Christopher Mansell’s review published on Letterboxd:
The third volume of the Fear Street trilogy picks up pretty much immediately where the second left off, with an extended flashback to 1666 and the community that would become Sunnyvale/Shadyside, and reveals the truth behind the witch Sarah Fier's curse on the community, before bringing the whole thing back around to conclude the story with our contemporary characters in 1994 hatching yet another Scooby Doo ass plan to end the curse apparently for good.
I think in the end, the 1666 chapter ended up being my favourite of the trilogy. 1994 was a fun slasher in the mold of Scream, 1978 took a hefty amount of inspiration from Friday the 13th, but bogged itself down a little too hard in lore and world building, whereas it took 1666 to pay off those lore dumps with some pretty well-earned twists. I enjoyed the play on religious/folk horror in the 1666 segment, it provided a nice change of pace from the other films' slasher antics. And in not having a plethora of 17th century bangers to use as needle drops, the third film largely avoided the Stranger Things feel that permeated somewhat the previous two. (Not that I blame anyone for chasing the Stranger Things crowd, by all regards it's a large audience that's hungry for this sort of thing.)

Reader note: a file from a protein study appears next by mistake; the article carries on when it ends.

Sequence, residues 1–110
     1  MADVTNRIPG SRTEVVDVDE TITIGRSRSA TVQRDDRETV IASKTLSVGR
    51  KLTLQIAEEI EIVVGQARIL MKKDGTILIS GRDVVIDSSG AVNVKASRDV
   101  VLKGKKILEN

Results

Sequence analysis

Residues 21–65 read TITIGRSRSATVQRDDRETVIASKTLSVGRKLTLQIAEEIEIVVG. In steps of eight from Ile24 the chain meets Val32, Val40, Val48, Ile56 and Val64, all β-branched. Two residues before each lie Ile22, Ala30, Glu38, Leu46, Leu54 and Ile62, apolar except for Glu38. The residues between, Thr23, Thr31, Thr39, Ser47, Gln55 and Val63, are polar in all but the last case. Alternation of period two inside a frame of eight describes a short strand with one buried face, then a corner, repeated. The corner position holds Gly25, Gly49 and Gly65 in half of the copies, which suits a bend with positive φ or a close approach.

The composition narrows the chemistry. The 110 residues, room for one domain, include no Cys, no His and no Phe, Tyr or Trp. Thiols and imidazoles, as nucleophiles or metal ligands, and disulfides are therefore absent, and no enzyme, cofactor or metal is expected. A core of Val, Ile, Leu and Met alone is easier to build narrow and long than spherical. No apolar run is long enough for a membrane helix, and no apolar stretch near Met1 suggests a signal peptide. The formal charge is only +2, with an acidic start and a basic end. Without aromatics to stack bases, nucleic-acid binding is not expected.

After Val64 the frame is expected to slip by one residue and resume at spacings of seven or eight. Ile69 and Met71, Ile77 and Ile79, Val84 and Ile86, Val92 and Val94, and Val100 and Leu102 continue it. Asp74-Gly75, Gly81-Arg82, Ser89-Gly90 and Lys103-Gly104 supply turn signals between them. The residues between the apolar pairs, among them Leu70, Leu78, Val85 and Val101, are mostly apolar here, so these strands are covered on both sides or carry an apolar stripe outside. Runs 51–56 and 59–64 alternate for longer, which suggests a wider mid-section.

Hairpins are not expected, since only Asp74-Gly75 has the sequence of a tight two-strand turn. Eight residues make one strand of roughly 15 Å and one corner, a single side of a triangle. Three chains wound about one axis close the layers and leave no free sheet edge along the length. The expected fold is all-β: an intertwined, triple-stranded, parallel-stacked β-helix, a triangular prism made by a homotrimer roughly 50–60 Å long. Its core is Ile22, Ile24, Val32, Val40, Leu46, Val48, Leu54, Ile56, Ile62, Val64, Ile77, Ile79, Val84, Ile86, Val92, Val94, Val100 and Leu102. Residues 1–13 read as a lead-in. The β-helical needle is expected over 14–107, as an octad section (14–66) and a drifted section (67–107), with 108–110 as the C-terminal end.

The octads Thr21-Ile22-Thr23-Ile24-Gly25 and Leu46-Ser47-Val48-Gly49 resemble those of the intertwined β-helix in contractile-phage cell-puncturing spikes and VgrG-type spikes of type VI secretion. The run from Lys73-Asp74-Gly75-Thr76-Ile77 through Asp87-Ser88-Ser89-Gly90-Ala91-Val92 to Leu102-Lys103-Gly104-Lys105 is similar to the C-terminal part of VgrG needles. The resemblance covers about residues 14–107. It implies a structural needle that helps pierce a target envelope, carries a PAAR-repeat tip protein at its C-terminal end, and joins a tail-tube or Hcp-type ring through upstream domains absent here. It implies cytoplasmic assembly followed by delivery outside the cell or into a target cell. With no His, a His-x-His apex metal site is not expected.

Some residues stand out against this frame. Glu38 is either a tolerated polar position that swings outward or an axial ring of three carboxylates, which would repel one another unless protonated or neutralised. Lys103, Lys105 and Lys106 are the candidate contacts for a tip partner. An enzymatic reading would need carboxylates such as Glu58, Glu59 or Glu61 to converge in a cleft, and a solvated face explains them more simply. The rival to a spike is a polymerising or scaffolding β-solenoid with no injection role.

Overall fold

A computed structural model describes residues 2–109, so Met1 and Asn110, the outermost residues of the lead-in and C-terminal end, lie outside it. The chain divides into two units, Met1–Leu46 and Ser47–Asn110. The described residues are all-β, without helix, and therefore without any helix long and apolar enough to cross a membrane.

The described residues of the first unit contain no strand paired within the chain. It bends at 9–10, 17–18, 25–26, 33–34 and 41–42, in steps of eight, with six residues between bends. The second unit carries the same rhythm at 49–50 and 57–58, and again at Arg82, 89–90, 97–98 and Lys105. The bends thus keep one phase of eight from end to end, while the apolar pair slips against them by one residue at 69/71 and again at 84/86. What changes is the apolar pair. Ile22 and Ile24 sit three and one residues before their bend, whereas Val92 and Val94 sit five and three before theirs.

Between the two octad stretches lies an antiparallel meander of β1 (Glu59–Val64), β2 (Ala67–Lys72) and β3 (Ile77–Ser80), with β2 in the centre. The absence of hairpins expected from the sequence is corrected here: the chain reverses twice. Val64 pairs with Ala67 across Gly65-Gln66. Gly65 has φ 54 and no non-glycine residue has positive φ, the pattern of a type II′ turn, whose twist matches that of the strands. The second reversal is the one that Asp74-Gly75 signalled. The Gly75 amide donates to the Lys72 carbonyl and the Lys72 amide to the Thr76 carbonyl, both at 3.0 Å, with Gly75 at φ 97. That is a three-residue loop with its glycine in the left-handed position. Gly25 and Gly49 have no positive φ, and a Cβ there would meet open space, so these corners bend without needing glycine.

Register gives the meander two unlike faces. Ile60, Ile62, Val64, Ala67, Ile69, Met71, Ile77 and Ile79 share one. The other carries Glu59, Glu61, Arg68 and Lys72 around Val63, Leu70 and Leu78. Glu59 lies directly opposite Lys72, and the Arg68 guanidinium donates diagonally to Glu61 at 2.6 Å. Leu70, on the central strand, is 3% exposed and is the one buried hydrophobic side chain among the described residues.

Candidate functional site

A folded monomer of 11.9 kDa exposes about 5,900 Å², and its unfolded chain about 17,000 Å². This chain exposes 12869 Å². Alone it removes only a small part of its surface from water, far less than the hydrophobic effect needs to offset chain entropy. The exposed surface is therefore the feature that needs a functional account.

As a whole, Fear Street wasn't made for me. I watch horror movies all the time, I'm a pretty seasoned genre veteran. Fear Street: 1666 will be the 1,078th movie I've logged on here, and of those 224 have been horror movies, far outpacing any other genre. And Fear Street feels designed to be a sort of my first horror movie, for people who are maybe sat on the fence about the genre as a whole. On that front, I can't comment as to whether it succeeds. It's my fervent hope that people who enjoyed them will go back and watch some of the golden age 70s and 80s slashers, or maybe fans of 1666 will try some folk horror like The Wicker Man, or something more modern like The Witch or Midsommar.
But just because they weren't aimed specifically at me, it doesn't mean I can't enjoy them as well. I have liked the way they've evoked tropes of horror flicks past to tell a contemporary story. I like how they use the 17th century fear of witchcraft in a fable about contemporary attitudes to LGBT issues - horror is a genre that's always morphing and can be used to comment on social issues, and on that front I found Fear Street succeeds.
There'll always be horror movies. It's actually one of the genres where it's pretty tough to go wrong in terms of turning a profit, so they never really go out of fashion like some other genres might. But it's heartening to see with Fear Street a big company putting some weight behind it. None of them have necessarily ascended to become favourites of mine within the realm of horror movies, but I'd still like to see more of this sort of thing going forward.